Many American parents woke up May 2 to the news that Osama bin Laden, the strategist behind the Sept. 11 attacks in the United States, the bombing of the USS Cole in Yemen, and the American embassy bombings in Tanzania and Kenya, along with many other attacks on innocent people around the world, had been killed.
As we watched the news coverage we struggled with what to say to our children, most of whom had been born after the Sept. 11 attacks.
In order to explain today’s news and why people were celebrating, we had to weigh how much to tell our children about the events of Sept. 11, a day which was for many of us the worst day of our lives.
There’s no one right way to deal with news events like this. Parents have to trust their instincts on how much to tell their children, depending on their age, sensitivity, and other factors.
But here are some things to keep in mind to help you – and your children – understand the situation.
Make sure children feel safe.
In talking about what happened at the compound in Abottabad, children are likely to feel afraid. Children interpret every event in relation to themselves. Could bad people hurt me and my family? Are we in danger? Help your child feel as secure as possible. Tell him or her that you are there to protect them and that nothing bad will happen. Children need reassurance in order to feel secure. Insecurity in children can lead to behavior problems, nightmares, and more.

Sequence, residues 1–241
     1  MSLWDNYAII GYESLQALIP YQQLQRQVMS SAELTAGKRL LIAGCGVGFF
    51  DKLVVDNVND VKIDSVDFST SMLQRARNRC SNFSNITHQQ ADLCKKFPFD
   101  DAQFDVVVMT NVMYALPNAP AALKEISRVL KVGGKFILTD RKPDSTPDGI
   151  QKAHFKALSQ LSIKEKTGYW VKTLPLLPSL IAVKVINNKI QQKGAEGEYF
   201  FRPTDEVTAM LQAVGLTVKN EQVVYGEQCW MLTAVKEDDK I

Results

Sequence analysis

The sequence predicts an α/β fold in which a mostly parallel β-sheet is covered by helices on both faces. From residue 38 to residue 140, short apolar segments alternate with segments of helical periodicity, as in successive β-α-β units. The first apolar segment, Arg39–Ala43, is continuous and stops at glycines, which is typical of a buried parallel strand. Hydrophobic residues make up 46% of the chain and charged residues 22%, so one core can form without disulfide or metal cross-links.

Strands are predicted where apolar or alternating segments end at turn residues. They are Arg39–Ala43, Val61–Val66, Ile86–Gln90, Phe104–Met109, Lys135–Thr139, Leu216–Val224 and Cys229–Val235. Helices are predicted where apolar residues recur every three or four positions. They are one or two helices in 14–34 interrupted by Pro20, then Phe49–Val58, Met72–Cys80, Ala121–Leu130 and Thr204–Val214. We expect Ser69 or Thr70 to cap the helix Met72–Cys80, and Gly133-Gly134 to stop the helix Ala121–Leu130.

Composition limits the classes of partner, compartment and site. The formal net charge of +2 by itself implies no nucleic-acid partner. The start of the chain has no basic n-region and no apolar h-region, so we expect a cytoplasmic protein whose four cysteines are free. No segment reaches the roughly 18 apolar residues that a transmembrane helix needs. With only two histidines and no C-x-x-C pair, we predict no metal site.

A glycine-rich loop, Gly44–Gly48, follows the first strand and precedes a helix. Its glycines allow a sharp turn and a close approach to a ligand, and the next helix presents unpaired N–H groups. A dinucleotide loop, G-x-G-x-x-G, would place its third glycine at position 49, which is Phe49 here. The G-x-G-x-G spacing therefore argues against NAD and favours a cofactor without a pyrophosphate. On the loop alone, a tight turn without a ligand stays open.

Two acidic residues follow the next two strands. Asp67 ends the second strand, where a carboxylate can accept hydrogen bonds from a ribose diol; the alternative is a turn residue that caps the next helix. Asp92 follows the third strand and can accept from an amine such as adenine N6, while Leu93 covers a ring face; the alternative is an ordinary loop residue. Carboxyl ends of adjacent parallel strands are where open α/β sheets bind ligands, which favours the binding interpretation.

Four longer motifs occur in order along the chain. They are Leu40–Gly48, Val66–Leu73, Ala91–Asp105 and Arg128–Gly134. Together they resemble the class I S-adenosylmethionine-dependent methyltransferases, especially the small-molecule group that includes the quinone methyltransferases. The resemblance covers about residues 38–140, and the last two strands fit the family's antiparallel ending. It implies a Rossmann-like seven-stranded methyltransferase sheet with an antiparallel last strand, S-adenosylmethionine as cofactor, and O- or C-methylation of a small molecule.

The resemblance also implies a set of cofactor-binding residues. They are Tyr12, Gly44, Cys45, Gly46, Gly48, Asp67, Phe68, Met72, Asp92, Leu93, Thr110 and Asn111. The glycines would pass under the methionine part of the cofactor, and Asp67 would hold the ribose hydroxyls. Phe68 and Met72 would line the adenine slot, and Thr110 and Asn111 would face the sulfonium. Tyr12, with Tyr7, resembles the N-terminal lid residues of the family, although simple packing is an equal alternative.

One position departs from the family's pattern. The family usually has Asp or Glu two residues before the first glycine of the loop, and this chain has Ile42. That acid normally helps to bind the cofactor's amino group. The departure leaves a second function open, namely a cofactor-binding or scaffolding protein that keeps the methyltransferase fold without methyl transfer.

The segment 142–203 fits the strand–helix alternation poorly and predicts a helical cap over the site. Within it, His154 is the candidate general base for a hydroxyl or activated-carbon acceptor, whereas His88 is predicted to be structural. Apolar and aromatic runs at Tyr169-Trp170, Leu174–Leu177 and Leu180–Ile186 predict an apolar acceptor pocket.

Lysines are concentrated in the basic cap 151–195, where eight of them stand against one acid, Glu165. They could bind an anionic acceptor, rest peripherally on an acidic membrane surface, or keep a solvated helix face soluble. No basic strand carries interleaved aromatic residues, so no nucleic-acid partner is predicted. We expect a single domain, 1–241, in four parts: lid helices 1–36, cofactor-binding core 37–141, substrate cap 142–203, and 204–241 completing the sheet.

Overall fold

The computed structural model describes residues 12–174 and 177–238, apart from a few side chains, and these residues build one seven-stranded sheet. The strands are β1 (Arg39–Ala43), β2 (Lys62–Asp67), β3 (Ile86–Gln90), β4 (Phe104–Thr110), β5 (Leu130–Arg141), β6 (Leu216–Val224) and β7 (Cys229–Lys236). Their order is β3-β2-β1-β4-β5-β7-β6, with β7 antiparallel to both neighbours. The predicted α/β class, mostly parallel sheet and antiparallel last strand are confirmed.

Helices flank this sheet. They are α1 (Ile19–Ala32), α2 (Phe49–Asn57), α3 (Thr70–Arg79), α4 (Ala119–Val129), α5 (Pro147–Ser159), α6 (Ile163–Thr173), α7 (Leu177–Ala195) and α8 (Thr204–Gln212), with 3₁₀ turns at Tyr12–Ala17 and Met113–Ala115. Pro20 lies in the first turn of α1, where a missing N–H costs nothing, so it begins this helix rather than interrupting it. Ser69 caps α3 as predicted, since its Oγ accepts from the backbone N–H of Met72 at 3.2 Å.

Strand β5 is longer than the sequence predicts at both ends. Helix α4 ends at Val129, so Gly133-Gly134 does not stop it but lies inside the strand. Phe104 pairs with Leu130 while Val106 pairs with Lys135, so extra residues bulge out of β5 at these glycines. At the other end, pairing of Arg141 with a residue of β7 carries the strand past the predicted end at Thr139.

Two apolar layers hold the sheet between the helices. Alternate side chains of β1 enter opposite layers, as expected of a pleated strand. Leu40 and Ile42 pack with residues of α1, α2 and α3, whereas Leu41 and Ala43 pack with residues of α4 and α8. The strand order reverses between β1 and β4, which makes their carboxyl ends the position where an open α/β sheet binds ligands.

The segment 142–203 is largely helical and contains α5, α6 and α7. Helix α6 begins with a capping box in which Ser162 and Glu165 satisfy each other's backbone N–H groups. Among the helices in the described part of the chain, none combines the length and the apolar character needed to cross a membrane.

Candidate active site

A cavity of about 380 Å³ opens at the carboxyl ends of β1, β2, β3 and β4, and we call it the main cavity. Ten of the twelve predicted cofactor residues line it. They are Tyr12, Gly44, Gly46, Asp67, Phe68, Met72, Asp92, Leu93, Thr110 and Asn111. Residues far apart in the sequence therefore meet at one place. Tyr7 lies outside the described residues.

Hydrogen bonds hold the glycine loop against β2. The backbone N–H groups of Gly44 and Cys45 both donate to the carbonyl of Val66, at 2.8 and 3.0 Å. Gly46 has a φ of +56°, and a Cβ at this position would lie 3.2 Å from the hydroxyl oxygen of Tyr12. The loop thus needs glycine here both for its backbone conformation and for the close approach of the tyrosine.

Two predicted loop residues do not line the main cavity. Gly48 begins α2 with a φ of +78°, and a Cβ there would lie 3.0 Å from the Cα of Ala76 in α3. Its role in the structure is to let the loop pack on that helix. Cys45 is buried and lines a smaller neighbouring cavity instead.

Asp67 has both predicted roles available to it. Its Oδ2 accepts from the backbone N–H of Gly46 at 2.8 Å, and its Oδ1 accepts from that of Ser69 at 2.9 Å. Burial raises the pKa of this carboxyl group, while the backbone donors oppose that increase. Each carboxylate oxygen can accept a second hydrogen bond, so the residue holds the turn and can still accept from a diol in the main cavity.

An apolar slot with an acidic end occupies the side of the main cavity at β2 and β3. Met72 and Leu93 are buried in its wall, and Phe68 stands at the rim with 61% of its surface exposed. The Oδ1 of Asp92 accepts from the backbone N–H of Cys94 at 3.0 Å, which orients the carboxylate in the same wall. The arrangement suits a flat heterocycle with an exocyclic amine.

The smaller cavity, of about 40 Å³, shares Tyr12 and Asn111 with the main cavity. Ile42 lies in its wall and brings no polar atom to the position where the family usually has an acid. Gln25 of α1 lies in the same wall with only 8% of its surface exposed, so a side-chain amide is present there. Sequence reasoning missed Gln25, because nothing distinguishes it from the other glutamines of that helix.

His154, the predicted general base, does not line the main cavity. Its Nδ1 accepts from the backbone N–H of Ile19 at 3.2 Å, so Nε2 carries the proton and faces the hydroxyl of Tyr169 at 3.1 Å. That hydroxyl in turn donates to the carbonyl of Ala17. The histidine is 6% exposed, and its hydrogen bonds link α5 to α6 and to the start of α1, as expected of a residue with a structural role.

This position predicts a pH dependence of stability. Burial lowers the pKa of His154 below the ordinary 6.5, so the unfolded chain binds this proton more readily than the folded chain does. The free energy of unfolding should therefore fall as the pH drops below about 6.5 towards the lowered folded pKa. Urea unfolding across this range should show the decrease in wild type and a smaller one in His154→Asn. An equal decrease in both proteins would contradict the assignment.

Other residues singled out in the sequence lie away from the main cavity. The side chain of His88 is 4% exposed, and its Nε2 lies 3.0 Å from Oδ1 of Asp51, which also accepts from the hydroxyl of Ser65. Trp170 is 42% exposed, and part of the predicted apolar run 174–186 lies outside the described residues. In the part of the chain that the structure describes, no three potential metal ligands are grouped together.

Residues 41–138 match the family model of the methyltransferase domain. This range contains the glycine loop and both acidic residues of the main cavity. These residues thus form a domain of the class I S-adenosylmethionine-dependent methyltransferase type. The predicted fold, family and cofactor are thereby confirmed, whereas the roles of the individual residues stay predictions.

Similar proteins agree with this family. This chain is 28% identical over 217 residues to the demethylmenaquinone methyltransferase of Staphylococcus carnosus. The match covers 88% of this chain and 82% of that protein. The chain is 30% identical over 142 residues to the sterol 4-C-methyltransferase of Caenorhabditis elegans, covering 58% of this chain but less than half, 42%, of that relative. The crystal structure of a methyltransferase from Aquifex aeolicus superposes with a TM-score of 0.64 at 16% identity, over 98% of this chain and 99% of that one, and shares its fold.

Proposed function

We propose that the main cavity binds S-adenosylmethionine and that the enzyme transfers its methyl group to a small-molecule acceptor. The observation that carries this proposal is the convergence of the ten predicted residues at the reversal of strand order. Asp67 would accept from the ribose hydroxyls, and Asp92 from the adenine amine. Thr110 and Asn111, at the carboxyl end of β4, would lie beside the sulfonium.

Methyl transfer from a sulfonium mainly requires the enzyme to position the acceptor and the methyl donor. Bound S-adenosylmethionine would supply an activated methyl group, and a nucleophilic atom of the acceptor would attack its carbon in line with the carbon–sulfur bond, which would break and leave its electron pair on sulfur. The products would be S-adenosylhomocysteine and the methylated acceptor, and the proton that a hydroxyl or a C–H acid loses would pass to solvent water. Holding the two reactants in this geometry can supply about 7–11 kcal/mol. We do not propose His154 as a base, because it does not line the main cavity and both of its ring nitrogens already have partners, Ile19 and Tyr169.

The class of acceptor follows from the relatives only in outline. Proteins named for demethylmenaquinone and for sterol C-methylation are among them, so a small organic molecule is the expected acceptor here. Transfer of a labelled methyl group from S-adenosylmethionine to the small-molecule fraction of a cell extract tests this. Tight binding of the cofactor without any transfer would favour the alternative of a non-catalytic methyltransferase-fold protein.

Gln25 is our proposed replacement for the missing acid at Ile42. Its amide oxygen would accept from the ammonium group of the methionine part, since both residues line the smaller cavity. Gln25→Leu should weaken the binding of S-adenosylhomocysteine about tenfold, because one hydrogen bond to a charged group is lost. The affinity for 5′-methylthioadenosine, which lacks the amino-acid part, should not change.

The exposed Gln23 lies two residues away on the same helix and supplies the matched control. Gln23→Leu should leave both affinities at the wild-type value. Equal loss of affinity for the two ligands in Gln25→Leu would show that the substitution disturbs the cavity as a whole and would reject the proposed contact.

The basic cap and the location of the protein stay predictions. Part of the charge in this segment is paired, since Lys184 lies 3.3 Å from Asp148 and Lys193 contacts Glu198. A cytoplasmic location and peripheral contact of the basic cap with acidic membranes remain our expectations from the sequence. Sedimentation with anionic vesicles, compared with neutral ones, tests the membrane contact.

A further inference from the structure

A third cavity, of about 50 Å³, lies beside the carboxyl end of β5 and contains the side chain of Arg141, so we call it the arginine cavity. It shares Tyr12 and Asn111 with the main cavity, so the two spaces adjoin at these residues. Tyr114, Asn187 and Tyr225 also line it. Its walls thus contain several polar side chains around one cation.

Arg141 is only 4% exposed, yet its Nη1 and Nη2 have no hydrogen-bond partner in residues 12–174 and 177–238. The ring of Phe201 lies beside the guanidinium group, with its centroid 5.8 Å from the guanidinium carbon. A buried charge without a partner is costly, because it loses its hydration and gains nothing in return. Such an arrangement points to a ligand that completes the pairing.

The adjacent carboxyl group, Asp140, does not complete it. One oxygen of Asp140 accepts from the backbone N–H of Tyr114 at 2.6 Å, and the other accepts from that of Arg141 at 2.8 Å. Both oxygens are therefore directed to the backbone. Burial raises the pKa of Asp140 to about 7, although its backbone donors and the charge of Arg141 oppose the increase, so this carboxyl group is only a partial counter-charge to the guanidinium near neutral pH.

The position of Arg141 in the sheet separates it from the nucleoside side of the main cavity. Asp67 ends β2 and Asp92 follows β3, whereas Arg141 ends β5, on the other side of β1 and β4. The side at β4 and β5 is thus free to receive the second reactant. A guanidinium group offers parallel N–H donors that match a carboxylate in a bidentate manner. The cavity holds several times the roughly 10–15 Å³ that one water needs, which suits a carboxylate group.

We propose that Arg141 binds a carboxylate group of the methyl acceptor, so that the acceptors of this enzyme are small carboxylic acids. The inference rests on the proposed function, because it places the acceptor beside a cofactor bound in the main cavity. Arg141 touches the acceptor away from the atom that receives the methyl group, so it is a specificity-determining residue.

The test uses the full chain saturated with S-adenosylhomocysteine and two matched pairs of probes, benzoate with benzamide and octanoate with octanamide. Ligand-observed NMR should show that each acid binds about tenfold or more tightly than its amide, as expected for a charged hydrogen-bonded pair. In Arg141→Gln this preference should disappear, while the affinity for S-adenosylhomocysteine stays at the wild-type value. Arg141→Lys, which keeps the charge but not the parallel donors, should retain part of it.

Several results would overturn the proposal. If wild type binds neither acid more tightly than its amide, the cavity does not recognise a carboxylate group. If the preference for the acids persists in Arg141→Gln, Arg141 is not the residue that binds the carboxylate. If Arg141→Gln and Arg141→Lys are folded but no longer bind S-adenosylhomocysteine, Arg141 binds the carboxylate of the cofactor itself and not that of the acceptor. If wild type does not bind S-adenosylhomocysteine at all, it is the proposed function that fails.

Help children understand why people are celebrating.
As much as we would like to protect our children from some of history’s darkest moments, we need to explain and interpret that history for them. This is an opportunity for parents to frame these events in ways children can understand and in keeping with your religious, ethical, and moral beliefs. You cannot teach children how to process frightening events, which they are certain to experience in their lifetimes, if you don’t talk to them.
Listen to – and answer – the question they’re asking.
You don’t have to give a multi-part lecture on the rise of extremism or provide an in-depth geography lesson on south Asia. What your children really want to know is how this information affects them, their family, their school, and their community. You don’t have to be an expert on global terrorism to answer those questions.
Know when enough is enough.
Sometimes parents over-talk a topic. It’s important to give children information appropriate to their age and understanding and then talk about something else. Answer their questions, but don’t revisit the topic again and again without them asking about it. If you do, you’ll unintentionally diminish your credibility. Children will believe you’re hiding something or that you’re more concerned than you’re letting on, and that will lead to greater fear on their part.
Model the behavior you want them to copy.
Show your child how to react by modeling the behavior you want to see them imitate. If you rely on prayer in challenging times, let your children see you pray and permit them to pray with you. If you seek out a lot of news and information, let them see that, too.
Keep in mind that children have a hard time understanding that when news stories are repeated on television or the Internet that they are not happening over and over again.
There are many times when parents wish they had a guidebook for how to deal with some issue confronting their children or their family.
At such times, it’s important to remember that no one knows your child the way you do. Only you can determine how much and what information is appropriate for them at a given time.
Do not try to prevent your child from knowing about – and participating in – world events but instead give them the tools they need to process the information.
It’s a skill they’ll need throughout their lives.